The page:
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An Interview With Hugh Miles

In this interview, we meet the award-winning wildlife filmmaker who brought us the legendary A Passion For Angling series

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The adventures of Chris Yates and Bob James in the 1993 classic, ‘A Passion For Angling’, encapsulates everything that’s wonderful and beautiful about angling. The man responsible for capturing those magical moments was award-winning wildlife filmmaker, Hugh Miles, who during the making of the series experienced two very special June 16ths; the first at the legendary Redmire Pool, and the second at ‘The Secret Lake’, home to Harry, a potentially new British record carp. From that mystical, uncaught, ‘as-wide-across-the-back-as-my-Labrador’ monster, to the lake itself and how they discovered it, Hugh kindly answers the questions we’ve always wanted to ask…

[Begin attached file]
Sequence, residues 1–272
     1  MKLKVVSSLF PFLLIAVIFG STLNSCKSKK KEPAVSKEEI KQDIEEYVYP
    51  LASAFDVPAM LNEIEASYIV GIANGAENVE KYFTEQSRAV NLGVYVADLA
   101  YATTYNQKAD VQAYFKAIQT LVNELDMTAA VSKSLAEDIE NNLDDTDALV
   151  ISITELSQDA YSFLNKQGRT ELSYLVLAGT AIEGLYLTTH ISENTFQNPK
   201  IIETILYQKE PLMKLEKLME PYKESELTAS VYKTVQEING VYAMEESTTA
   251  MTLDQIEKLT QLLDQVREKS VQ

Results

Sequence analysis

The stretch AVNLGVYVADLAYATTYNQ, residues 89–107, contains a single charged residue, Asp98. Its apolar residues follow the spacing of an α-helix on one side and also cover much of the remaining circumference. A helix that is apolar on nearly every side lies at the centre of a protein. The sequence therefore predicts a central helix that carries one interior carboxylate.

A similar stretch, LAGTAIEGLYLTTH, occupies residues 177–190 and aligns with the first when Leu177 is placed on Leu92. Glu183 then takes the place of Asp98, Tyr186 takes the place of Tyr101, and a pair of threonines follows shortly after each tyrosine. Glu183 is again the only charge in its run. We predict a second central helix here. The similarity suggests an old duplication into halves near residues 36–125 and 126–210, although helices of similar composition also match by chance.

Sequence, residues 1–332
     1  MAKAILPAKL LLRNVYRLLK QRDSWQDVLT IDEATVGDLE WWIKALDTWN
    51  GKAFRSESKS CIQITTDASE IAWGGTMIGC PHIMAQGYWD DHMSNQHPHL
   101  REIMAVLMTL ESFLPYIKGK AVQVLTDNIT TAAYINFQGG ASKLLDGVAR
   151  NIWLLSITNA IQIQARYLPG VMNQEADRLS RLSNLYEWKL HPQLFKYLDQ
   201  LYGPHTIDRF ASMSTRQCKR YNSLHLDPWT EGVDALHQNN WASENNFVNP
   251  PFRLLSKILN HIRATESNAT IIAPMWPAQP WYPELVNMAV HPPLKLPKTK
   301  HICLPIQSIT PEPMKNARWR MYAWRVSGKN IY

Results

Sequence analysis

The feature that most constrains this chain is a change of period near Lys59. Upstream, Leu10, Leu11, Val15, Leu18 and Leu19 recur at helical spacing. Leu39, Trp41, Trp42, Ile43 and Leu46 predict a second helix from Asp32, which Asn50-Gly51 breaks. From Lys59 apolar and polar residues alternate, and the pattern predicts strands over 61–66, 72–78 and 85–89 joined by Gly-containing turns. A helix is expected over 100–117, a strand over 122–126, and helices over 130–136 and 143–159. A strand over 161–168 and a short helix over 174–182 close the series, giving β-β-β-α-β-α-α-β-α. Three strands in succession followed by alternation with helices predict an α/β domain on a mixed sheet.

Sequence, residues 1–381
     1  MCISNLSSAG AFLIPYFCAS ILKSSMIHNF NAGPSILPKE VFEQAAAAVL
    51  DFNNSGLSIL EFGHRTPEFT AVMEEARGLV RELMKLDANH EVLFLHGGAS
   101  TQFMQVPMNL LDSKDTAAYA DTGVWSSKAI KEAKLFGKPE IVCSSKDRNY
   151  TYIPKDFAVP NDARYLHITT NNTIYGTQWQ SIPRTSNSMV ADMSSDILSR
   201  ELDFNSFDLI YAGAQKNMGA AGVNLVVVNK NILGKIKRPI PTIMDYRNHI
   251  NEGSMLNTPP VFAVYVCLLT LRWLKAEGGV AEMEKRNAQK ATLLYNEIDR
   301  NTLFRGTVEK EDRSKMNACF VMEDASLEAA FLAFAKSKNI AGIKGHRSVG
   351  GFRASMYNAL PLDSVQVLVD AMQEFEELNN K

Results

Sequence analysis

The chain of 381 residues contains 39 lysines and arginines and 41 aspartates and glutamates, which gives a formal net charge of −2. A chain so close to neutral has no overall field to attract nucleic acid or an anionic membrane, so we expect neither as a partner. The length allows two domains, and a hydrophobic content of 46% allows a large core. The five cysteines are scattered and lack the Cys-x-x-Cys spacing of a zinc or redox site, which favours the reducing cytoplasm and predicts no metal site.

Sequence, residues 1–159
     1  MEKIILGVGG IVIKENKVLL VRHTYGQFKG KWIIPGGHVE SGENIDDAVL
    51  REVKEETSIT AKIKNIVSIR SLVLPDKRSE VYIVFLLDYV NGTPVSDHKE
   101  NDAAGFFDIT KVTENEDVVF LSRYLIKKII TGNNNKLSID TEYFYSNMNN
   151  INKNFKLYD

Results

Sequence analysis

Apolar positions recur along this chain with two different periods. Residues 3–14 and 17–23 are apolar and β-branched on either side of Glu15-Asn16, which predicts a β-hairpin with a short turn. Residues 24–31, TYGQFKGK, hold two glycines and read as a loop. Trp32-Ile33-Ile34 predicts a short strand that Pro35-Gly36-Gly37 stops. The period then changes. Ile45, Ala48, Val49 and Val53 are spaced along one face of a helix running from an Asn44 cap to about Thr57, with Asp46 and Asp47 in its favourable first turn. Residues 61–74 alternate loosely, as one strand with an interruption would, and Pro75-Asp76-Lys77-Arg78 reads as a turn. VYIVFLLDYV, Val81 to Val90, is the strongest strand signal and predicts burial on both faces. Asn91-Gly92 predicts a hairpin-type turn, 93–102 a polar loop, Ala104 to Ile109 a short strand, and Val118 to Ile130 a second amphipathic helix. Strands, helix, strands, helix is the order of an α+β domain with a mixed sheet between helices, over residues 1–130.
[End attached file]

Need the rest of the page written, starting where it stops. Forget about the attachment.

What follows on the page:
CARPOLOGY: Monster Myths was the episode that captured viewers’ imagination more than any other; could you tell us who suggested the lake to you, or who found it?
HUGH MILES: “Bob had visited the lake a couple of years before, and Chris had the Leney stocking records. We all talked about the possibility of France and perhaps an unknown lake that had never been fished, and with a monster in it. Then they put two and two together, having the stocking records and with Bob having visited. Chris might’ve been there too and I think I’d also gone there for the wildlife… it was such a wonderful place for filming. That’s how it all came about. It was a sort of harmonic convergence, with us knowing about the lake, but not knowing about it, so to speak. We had the stocking records, we knew of Harry Teesdale, who was the forestry and fishery manager for the estate, and we got together with him in the pub.